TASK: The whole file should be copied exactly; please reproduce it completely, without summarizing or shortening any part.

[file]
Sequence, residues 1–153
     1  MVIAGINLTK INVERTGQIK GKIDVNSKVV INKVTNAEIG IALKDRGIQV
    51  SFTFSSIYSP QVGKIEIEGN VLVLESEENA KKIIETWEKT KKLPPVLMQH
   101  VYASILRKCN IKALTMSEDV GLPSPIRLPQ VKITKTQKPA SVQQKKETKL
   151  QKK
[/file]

Sequence, residues 1–153
     1  MVIAGINLTK INVERTGQIK GKIDVNSKVV INKVTNAEIG IALKDRGIQV
    51  SFTFSSIYSP QVGKIEIEGN VLVLESEENA KKIIETWEKT KKLPPVLMQH
   101  VYASILRKCN IKALTMSEDV GLPSPIRLPQ VKITKTQKPA SVQQKKETKL
   151  QKK